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Logo of Nutricia

Nutricia is a part of the Danone group that specialises in therapeutic food and clinical nutrition. Products range from infant formula to specialised nutrition for babies with specific needs and for breastfeeding mothers. It also produces and markets special clinical nutrition and diet products.


Old Nutricia logo

In the 19th century mothers who were unable to breastfeed used wet nurses – women hired to breastfeed other women’s children – or cow’s milk to feed their babies. The composition of cow’s milk was not appropriate for feeding infants and, at that time, could be a source of disease contributing to high infant mortality across Europe.[1][2]

1885 the German Professor Alexander Backhaus pioneered a technique in his laboratory that removed the more slowly digested casein protein from cows’ milk, leaving behind only the faster dissolving and more easily digestible whey proteins.[3] With his invention Backhaus improved tolerability and succeeded in developing an infant formula that approached the composition of human milk. This meant that many new-born babies could now benefit from nutrition tailored to their needs[3]

1896 Professor Backhaus filed a patent and presented his invention at a medical conference in Berlin. Dr. Johannes van der Hagen, a medical doctor and Dutch Public Health Inspector was in the audience. Johannes saw a great future for the margarine and dairy products factory owned by his brother Martinus van der Hagen in The Netherlands[3][4][5]

1901 The brothers van der Hagen met with Professor Backhaus and he granted them rights to manufacture Backhaus infant milk formula. The Nutricia name was adopted in 1901 and quickly gained popularity becoming known as “The Wet Nurse of The Netherlands.”[3]

1906 Nutricia pioneered the concept of specialized nutrition and developed special diet products such as low-sugar milk for diabetic patients and iodine-rich milk for those suffering from goiter[5]

1924 Nutricia moved its main (powder) production facilities (from van der Hagen’s original factory) to the N.V. Cuijk’s Dairy Factory. For almost a 100 years, this factory is still one of Nutricia’s centre of excellence for producing specialized nutritional solutions for infants and young children with special dietary needs.

1946 Nutricia sets up its first research facilities in Zoetermeer, the Netherlands.

Cow & Gate was bought by Nutricia in 1981.

Milupa was founded as a successor to an industrial bakery created in 1903 in Bad Homburg vor der Höhe. It initially focussed on bakery and chocolate, then on baby food. In 1995 it was bought by Nutricia.Though in 2018 the company revenue was $980 Million (approx).

In 1998 the group got the name "NUMICO", formed by NUtricia, MIlupa and COw & Gate.

In 1999, the NUMICO group started operations in India as Nutricia (India) Private Limited that acquired the dairy products division of Hindustan Lever Limited (Unilever India) and its associated Indian brands Anik, Anikspray and Anik Ghee.[6][7]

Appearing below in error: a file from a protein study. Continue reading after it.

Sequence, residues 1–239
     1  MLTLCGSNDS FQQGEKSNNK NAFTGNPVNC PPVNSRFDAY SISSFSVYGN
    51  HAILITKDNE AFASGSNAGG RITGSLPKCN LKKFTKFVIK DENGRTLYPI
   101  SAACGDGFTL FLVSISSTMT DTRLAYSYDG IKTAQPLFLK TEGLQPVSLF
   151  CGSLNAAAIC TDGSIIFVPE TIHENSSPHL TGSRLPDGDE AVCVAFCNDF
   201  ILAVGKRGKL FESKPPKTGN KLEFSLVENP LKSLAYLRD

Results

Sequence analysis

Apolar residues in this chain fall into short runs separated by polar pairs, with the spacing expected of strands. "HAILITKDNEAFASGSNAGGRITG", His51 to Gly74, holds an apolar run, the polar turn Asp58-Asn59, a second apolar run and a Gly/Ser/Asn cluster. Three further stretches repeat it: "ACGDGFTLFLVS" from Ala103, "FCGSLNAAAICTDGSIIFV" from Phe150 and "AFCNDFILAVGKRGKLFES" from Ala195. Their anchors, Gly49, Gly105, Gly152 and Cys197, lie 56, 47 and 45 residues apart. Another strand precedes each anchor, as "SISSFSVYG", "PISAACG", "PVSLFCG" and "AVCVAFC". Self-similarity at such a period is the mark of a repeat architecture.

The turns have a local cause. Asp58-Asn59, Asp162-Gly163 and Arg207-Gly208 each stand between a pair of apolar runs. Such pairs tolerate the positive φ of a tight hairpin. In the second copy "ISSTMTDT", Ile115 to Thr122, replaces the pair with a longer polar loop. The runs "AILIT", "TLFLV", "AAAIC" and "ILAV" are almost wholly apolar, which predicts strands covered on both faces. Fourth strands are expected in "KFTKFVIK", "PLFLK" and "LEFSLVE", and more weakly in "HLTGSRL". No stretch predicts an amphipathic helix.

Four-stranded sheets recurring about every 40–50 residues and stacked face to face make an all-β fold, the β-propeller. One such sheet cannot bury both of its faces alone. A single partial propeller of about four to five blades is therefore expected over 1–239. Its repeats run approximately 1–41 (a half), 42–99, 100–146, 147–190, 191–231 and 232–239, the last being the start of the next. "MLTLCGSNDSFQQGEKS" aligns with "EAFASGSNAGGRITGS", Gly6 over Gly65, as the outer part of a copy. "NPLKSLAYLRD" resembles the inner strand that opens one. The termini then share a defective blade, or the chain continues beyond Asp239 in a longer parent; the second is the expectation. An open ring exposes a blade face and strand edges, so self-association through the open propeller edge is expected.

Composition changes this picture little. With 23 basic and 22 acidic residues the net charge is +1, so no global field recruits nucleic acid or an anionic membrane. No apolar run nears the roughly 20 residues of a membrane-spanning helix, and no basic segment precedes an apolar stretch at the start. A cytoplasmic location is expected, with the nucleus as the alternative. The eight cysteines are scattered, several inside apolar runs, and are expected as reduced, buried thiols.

In March 2001, the company's Dairy & Drinks division, well known for its brands Chocomel/Cécémel, Fristi, Nutroma and Extran, was sold to Friesland Coberco (today FrieslandCampina)[citation needed].

In 2003, Numico decided to cease operations in India and sold Nutricia (India) Private Limited to a consortium of four Indian companies.[8][9]

On 2007-07-09, a €12.3 billion offer for the company by French rival Danone was accepted by the Numico board.[10] Danone announced ownership of over 90% of Numico's shares on 31 October 2007, declaring its offer for the remainder unconditional.[11] As a result, Numico was removed from the AEX index. The company's shares were delisted from the Amsterdam Stock Exchange at the end of 2007 as Danone gained full control.[12] The brands owned by Numico (Milupa, Nutricia and Cow & Gate) became under control of Danone.

See also[edit]


  1. ^ UTP Journals Vincent J. Knapp. See obituary on p. 407. CBMH/BCHM / Volume 15: 1998 / p. 317-36
  2. ^ Long-Term Factors in American Economic Growth. Stanley L. Engerman and Robert E. Gallman, eds. University of Chicago Press. ISBN 0-226-20928-8 1986
  3. ^ a b c d Drivers of Innovation in Pediatric Nutrition. Koletzko B, Koletzko S and Ruemmele F, eds. Nutrition Institute Workshop Series Pediatric Program, Vol 66. Karger AG, 2010.
  4. ^ From milk by-products to milk ingredients: upgrading the cycle. De Boer, R. Wiley, 2014,
  5. ^ a b Cross-Border Investing: The Case of Central and Eastern Europe. Djarova J. Springer, 2004.
  6. ^ Goswami, Nandini (25 June 1999). "Nutricia to ride Lever's sales network for 3 years". Financial Express. Indian Express group. Archived from the original on 16 December 2018. Retrieved 27 December 2017.
  7. ^ Chatterjee, Purvita (27 August 2001). "Nutricia foray into baby cereal -- Plans to extend franchise of Anik brand". Retrieved 27 December 2017.
  8. ^ Zachariah, Reeba (November 3, 2003). "Nutricia to exit India". Retrieved 27 December 2017.
  9. ^ "Hindustan Lever set to divest dairy wing to Nutricia India". Financial Express. 21 May 1999. Archived from the original on 16 December 2018. Retrieved 27 December 2017.
  10. ^ "Danone to Offer 12.3 Billion Euros for Numico". CNBC. 2007-07-09. Archived from the original on 2007-09-30. Retrieved 2007-07-09.
  11. ^ "Danone says Numico bid unconditional, holds 90.5 pct". Reuters. 31 October 2007. Retrieved 2007-11-08.
  12. ^ "Delisting of shares" (PDF). Euronext. 29 November 2007. Archived from the original (PDF) on 27 September 2011. Retrieved 2008-02-19.

External links[edit]